IMHO, such political philosophies are self destructive because they alienate people who have in the past been committed to non-discrimination like you and me, as well as deeply offending powerless people of the proletariat who previously did not themselves practice discrimination but were oblivious to discriminatory actions of the power structure, and who are now beginning to feel oppressed and even violated by these Neo-Marxists. To be sure, there are issues of minorities needing the agency to find their own way to combat racism. Whites should not white-splain to minorities what is best for them in situations where it doesn’t affect the whites themselves. But I fail to see how whites encouraging rioting empowers POC, especially when the rioting does not destroy the property of the white elites who are encouraging the riots. Just yesterday saw videos of black residents of Englewood in Chicago counter-demonstrating against BLM and telling them to go home. So there is hope.

  • The two comments below — Ms. Tursi’s and Mr. Rood’s — illustrate perfectly the mechanisms by which the cradle-to-grave Ayn Randification to which we USians are all subjected weaponizes self-obsessed me-first egotism into an anti-solidarity toxin that makes revolution or even reform permanently impossible.

    Which means our “education” system and the Mainstream Media Propaganda Machine — the world’s first privately-owned, for-profit equivalent of Josef Goebbels Reich Ministry of Public Enlightenment and Propaganda — are each functioning at Maximum Evil, exactly as our Masters intend.

    Don’t bother arguing with me about this, because I have witnessed the same obscene dynamic — the carefully conditioned, invariably petulant (as below), not infrequently violent self-obsession of the (mostly) white bourgeois — as it sandbagged every humanitarian movement that has managed to arise in this hopelessly enslaved nation since 1940, the year of my birth.

    The New Deal, the Civil Rights Movement, the Counterculture (i.e., the Anti-Vietnam War Movement, the Feminist Movement, the Environmental Movement and the Back to the Land Movement), were all destroyed by the run-amok selfishness of a Moronic Majority composed of “rugged (Ayn Rand) individualists” so venomously self-centered there is absolutely NO possibility — now or ever — of achieving the collective, inter-racial “popular-front” solidarity essential to force humanitarian governance on what from its beginning is and always will be the predatory slave-state its founders intended.

  • No one is “forced” to move their politics right. That is purely a self interested choice and you are sure eagerly taking your place promoting right wing propaganda here.

    Beyond dripping elitism, your post here rings hollow, Patricia.

  • Yikes. The right wing talking points just flow from you like water, Bill. Gross.

    Excuse me; I need to take a shower.

  • Well said.

  • Thank you!

  • Patricia P. Tursi

    There’s nothing like the self righteousness of someone who bleeds for others and lives for self. What our nation needs is unity, not division. The Art of War understood that and I have watched the deliberate use of racism to further this divide. As a psychologist, I have watched the fomenting of the destruction of the fabric of our society. I was born during the great depression. I recall the people coming to our back door and eating in our kitchen. My folks barely had enough to feed ourselves but always shared. With this faux-planned-demic and with 40 million people without a job, and with the deliberate destruction of our farms and the interruption of our food supply, we will soon learn to put our efforts where they are needed instead of into old, tired rhetoric. Our country is about to learn what’s it’s like with all our small businesses destroyed and small businesses are our primary employers…not corporations which need to be eliminated. But while they are looking at years of hard work mindlessly destroyed, the people who are breaking windows and stealing because “they deserve to do this” will soon be on the begging end. The message that all whites have it “privileged” and don’t struggle is a clever way to divide us and you, my friend have fallen for it, or you are born into the privileged. At 84, I ride a bike, don’t own a car and live as close to having no footprint as I can. i grieve for my children and grandchildren and the people who will be eliminated because they are fighting windmills while their destruction slowly creeps upon them. I move to the right only because the left is participating in our destruction and it has nothing little to do with politics and everything to do with greed and the hunger for power. We need to be focused on our survival, avoid vaccinations which have harmed so many and fight against the plan to redo nature and rewrite our DNA and make us part machines. The survival of Humans and many species depends upon it. The plan to eliminate most of earth’s humans is real. See the Georgia Guide Stones.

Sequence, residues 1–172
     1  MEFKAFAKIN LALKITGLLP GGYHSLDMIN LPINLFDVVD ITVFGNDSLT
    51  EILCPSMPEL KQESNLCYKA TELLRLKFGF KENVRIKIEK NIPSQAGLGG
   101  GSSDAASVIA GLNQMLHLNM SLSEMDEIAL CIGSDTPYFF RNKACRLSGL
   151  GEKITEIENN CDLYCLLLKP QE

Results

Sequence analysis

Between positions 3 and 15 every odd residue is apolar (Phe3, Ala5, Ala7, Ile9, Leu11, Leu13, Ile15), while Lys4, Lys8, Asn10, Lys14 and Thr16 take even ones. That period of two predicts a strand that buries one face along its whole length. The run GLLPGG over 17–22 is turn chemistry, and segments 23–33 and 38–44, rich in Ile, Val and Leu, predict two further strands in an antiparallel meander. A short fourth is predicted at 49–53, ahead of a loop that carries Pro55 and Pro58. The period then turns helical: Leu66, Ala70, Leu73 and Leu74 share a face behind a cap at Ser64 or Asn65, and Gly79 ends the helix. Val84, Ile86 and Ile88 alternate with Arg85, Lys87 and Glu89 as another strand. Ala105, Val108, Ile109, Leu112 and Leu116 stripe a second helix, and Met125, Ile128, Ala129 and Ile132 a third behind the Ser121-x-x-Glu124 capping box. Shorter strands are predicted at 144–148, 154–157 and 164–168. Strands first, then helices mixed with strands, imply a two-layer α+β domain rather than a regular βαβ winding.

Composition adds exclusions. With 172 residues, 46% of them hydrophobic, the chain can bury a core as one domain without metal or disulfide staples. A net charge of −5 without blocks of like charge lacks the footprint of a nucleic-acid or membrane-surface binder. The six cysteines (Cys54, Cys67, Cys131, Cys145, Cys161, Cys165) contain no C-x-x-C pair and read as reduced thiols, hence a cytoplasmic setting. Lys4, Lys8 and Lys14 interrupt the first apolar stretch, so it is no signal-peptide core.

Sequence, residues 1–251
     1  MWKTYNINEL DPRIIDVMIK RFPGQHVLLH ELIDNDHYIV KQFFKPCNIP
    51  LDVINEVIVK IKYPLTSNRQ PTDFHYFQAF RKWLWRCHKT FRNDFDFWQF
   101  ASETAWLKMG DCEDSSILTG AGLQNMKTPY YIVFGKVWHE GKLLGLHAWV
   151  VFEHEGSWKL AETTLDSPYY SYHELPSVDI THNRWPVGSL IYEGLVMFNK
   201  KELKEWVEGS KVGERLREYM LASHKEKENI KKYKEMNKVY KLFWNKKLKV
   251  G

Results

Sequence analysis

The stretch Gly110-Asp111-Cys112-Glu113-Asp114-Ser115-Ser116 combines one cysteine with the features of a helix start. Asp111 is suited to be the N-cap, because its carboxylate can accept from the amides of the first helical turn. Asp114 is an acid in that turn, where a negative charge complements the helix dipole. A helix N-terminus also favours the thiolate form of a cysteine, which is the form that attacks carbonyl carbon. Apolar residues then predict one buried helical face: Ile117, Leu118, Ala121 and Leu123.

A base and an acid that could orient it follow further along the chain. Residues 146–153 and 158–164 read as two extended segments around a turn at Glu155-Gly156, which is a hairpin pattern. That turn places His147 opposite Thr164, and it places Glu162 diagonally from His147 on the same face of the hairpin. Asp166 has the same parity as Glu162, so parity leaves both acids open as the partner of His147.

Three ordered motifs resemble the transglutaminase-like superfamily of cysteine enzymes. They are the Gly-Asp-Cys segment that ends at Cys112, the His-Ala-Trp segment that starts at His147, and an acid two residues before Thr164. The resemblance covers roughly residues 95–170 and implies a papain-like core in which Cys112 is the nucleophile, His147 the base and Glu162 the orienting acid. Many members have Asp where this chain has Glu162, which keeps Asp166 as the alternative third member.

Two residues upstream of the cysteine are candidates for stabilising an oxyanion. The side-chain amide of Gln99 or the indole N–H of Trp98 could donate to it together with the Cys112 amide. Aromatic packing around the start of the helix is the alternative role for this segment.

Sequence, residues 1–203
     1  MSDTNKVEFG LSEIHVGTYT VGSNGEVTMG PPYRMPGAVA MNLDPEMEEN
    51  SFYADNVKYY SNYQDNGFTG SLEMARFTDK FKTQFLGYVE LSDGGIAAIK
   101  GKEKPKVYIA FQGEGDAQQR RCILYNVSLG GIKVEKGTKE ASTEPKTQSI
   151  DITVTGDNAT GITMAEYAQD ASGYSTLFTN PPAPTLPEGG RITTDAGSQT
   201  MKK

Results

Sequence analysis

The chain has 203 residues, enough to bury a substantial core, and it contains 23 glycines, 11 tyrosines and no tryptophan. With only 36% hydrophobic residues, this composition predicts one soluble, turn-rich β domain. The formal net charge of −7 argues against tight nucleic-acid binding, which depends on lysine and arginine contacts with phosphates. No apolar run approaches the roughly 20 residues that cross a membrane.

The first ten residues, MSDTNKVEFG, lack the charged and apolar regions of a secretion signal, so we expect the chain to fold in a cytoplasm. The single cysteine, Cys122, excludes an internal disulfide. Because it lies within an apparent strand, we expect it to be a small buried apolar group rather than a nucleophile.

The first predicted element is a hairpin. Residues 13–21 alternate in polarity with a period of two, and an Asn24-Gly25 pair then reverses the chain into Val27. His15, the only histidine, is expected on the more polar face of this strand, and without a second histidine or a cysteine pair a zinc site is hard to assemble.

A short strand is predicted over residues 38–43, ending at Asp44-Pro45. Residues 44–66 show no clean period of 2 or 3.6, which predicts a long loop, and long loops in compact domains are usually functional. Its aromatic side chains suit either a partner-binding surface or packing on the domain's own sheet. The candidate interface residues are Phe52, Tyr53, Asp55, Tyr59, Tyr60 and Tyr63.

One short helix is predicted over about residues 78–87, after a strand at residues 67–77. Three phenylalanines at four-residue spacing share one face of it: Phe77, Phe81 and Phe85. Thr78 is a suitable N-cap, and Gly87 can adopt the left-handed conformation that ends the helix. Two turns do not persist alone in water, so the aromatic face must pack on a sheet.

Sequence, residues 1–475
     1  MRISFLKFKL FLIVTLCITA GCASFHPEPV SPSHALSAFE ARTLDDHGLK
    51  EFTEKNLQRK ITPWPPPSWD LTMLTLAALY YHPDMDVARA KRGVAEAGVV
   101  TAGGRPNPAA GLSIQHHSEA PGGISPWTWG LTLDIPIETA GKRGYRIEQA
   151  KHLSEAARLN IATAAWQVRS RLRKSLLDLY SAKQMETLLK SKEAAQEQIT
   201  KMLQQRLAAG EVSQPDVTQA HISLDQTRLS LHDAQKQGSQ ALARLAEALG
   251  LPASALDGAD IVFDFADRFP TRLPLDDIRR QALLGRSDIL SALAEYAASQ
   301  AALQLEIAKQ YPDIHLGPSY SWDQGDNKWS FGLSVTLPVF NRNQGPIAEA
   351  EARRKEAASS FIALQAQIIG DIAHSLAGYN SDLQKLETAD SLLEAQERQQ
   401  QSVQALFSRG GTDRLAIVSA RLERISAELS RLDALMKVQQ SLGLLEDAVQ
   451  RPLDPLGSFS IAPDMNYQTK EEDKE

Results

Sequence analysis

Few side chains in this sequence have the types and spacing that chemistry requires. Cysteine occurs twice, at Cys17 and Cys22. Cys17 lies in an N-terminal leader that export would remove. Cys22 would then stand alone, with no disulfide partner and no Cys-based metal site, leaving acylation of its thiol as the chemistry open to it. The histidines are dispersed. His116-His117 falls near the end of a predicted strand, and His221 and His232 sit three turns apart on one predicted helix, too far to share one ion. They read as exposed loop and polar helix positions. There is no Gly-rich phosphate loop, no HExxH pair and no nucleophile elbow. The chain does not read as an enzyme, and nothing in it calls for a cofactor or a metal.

• Patricia P. Tursi

    when there is nothing but corruption and the participation in our destruction, there is only one way to move…away from the Democratic party. What in my posting was right wing propaganda….other than your blanket labeling?

  • Patricia P. Tursi

    Bill Rood: Thank you for your observations. They are keenly observant. Neo-Marxist and neo-Liberals disgust me more than the right probably because I have wasted a life on the principles. I was brought up to be non-discriminatory and lived in the deep South where I experienced more sharing than in the North. I have had the Klan call my house and my children answer and hear they are to be killed. It is sad to hear nothing but accusations and phrases like “right-wing talking points.” Rhetoric always uses phrases wielded like a sword to strike down the enemy, rather than join in agreement where agreement can be reached. This plays right into the hands of those who are going for a “One World Order”. Jim Marrs’ book The New Fourth Reich” was a great history about how we got to where we are. We are in a fascist-corporate system and it is using the left as it did in Germany. Those who do not know history are doomed to repeat it.

  • When there is nothing but corruption and participation on our destruction the LAST place to move is “right” – in support of ruling class interests.